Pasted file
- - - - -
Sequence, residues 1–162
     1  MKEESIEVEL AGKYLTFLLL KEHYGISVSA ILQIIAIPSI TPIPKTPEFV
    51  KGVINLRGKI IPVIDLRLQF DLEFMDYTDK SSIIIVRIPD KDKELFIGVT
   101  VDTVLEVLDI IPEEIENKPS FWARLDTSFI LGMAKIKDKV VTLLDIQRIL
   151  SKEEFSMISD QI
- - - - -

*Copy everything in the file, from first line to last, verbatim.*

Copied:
Sequence, residues 1–162
     1  MKEESIEVEL AGKYLTFLLL KEHYGISVSA ILQIIAIPSI TPIPKTPEFV
    51  KGVINLRGKI IPVIDLRLQF DLEFMDYTDK SSIIIVRIPD KDKELFIGVT
   101  VDTVLEVLDI IPEEIENKPS FWARLDTSFI LGMAKIKDKV VTLLDIQRIL
   151  SKEEFSMISD QI